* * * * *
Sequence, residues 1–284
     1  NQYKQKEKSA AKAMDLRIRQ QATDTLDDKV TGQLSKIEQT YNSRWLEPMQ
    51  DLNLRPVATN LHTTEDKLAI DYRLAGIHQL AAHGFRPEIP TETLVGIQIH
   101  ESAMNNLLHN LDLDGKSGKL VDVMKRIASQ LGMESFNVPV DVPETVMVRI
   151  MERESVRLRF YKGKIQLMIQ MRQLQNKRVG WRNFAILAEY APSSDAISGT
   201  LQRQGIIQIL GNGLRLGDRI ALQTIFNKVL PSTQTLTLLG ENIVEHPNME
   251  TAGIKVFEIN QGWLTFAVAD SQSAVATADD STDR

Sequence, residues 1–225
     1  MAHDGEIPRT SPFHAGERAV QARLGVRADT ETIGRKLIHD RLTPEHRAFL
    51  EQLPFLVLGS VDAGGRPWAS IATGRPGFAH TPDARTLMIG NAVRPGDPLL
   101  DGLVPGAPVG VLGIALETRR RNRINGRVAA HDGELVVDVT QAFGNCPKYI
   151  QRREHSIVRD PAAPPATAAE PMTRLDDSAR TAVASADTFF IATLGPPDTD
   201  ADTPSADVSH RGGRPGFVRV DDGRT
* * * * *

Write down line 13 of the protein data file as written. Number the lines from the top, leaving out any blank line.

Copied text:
   201  ADTPSADVSH RGGRPGFVRV DDGRT